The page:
Latest research on best food and nutrients for baby's brain
Make sure to add these best foods for baby's brain during the first 1,000 days of life. Read on to know why.
During the first few months of his life, a lot happens to your baby’s body. As new structures and connections to the brain form, what he eats plays a crucial role in his neurological development. That’s why you need know about the absolute best food and nutrients for baby’s brain during this phase.
Now, you might have already read plenty of articles about the best food for baby’s brain. But this information is constantly being updated as new research is conducted. And as you are concerned about your baby’s brain development, it’s good to stay on top of the latest research.
So here it is: the most up-to-date scientific news related to the best-ever nourishment for your little one’s brain.
The American Association of Pediatrics (AAP), recently issued a set of recommendations focusing on this.
They released guidelines on food that ensures healthy neurological and brain development in the baby during his first 1,000 days (two years).
In their publication, the AAP explained why babies need specific food during their early years.
“Child and adult health risks, including obesity, hypertension, and diabetes, may be programmed by nutritional status during this period. Calories are essential for growth of both fetus and child but are not sufficient for normal brain development,” they said.
7 best food for baby’s brain: AAP
The apex agency noted that although all nutrients are needed for baby’s brain growth, there are some key nutrients that are crucial for neurodevelopment. These include the following.
- Protein (found in powdered milk, porridge, pureed vegetables and meat and cereal)
- Zinc (found in whole grain cereals, nuts, potatoes, red meat and mushrooms)
- Iron (found in milk, green vegetables, spinach, chard, beetroot, winter squash, sweet potatoes, beef, chicken, turkey, mushrooms and prune juice)
- Choline (found in egg yolk, yogurt, garbanzo and lima beans, lentils, almonds, cauliflower, bok choy, cabbage and broccoli)
- Folate (found in avocado, spinach, garbanzo beans, lentils, beetroot and asparagus)
- Iodine (found in sea vegetables like arame, hiziki, kombu, wakame, cranberries, yogurt, cheese and potatoes as well as salt)
- Vitamin A, D, B6, B12 (found in carrots, sweet potato, salmon, fortified yogurt, orange juice, fortified milk, banana, papaya, lentils, garbanzo or chickpeas, low-fat dairy, cheese and eggs); and long-chain polyunsaturated fatty acids (found in egg yolk )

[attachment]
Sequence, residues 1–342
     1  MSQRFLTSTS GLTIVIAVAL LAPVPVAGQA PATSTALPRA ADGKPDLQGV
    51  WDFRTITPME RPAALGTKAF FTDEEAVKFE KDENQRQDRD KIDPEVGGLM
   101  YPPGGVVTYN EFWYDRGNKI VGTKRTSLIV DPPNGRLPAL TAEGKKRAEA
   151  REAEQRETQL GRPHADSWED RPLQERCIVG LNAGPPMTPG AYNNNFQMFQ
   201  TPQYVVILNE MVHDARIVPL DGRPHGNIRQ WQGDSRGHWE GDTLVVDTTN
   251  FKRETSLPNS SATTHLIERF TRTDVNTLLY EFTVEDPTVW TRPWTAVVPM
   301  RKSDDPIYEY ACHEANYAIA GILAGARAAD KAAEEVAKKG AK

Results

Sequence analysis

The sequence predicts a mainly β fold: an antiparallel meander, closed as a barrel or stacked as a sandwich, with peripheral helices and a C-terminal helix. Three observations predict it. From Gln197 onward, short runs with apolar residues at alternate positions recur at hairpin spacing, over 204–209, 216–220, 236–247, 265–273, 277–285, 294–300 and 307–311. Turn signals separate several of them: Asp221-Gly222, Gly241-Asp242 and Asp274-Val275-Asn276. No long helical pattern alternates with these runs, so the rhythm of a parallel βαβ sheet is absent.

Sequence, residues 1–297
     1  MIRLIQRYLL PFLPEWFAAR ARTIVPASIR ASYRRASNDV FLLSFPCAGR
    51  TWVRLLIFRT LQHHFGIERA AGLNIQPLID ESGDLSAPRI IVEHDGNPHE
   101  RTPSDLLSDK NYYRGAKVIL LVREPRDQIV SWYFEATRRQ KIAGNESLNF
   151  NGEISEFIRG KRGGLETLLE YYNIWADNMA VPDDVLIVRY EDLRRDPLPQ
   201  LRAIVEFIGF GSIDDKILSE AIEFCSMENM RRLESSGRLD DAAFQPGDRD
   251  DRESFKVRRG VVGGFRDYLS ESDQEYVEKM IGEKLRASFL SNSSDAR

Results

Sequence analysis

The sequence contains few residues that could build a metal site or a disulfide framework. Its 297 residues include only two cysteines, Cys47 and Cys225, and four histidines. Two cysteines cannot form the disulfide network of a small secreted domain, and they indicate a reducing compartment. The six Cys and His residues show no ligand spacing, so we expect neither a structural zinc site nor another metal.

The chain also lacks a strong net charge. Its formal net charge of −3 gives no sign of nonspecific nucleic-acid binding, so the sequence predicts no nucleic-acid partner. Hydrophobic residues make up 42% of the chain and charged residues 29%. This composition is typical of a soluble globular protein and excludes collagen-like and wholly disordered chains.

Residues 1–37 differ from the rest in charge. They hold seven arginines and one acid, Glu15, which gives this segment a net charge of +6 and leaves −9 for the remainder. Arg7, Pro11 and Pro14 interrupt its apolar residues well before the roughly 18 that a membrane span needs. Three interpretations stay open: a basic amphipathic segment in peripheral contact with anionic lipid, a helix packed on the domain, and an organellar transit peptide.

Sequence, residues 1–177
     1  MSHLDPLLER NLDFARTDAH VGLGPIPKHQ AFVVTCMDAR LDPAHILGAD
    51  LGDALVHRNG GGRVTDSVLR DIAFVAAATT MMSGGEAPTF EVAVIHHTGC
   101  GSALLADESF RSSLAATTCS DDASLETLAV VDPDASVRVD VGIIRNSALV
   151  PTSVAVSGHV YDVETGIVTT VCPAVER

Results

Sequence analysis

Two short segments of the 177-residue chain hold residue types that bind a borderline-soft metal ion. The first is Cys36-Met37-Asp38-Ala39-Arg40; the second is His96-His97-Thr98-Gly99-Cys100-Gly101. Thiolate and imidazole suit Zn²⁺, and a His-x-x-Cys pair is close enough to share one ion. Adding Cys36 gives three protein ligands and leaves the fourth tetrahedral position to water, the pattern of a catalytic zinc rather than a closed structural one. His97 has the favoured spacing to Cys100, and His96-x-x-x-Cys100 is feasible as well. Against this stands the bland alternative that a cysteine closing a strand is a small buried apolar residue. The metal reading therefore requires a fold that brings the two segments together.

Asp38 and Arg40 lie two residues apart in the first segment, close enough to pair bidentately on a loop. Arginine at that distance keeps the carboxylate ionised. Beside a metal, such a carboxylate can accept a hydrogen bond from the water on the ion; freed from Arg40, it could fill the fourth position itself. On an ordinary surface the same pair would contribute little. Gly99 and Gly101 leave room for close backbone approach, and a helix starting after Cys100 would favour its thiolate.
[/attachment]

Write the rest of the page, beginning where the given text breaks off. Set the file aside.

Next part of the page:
The agency notes, “Failure to provide key nutrients during this critical period of brain development may result in lifelong deficits in brain function despite subsequent nutrient repletion.”
Dr. Sarah Jane Schwarzenberg, associate professor, Pediatrics, University of Minnesota Masonic Children’s Hospital and member of the AAP Committee shared in the statement that new parents must note that breastmilk is the best food for baby’s brain during the first six months.
She says, breastmilk should be supplemented with food that is rich in iron and zinc. That’s because breastmilk doesn’t have as much of these two nutrients as is needed by a growing child. So she suggests the following:
- Fruits and vegetables rich in vitamins and minerals
- Pureed lean meat (chicken, fish, turkey, beef)
- Some infant cereals
“Infants are very vulnerable in the first few months of life to [nutrient] deficiencies,” says Schwarzenberg. “Their brains are developing at a rapid pace between one and two years, so we want pediatricians to be recommending a healthy spectrum of foods and not simply telling parents to give their babies certain foods. We want to make a positive statement about providing lean meats and fruits and vegetables, and also push back on the idea of superfoods,” added Dr Schwarzenberg.
She also pointed out that no single food item can make up for all nutritional requirements in a growing baby.
What to remember when choosing the best food for baby’s brain
Dr Schwarzenberg emphasises two important points that new parents must bear in mind.
1. Provide nutritious food during the first two years
She shared, “If you miss the opportunity to meet developmental milestones during the first 1,000 days of life, then there’s not an opportunity to go back and revisit them.”
That’s because the neurological development in the baby takes place during this time. And, it includes brain circuit formation as well as processing speed of the brain.
2. Do not allow your picky eater to be the boss
“We all have a tendency to pick one or two things the child likes and not stray too much from them. But if you are really looking to developing good brain health, then you really have to look at a variety of foods,” says Dr Schwarzenberg.
It might be easier to feed babies what they naturally gravitate towards. But it doesn’t mean you should always let that happen. Pick the best food for baby’s brain, at least during the first 1,000 days. After that you can give your baby the freedom to chose what they like.